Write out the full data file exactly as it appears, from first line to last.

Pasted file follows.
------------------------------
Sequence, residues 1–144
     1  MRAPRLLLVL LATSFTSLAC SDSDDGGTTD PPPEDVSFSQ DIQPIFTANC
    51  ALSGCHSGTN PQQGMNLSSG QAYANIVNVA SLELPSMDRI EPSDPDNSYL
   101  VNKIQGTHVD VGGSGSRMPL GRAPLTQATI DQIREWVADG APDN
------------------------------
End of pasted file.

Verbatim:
Sequence, residues 1–144
     1  MRAPRLLLVL LATSFTSLAC SDSDDGGTTD PPPEDVSFSQ DIQPIFTANC
    51  ALSGCHSGTN PQQGMNLSSG QAYANIVNVA SLELPSMDRI EPSDPDNSYL
   101  VNKIQGTHVD VGGSGSRMPL GRAPLTQATI DQIREWVADG APDN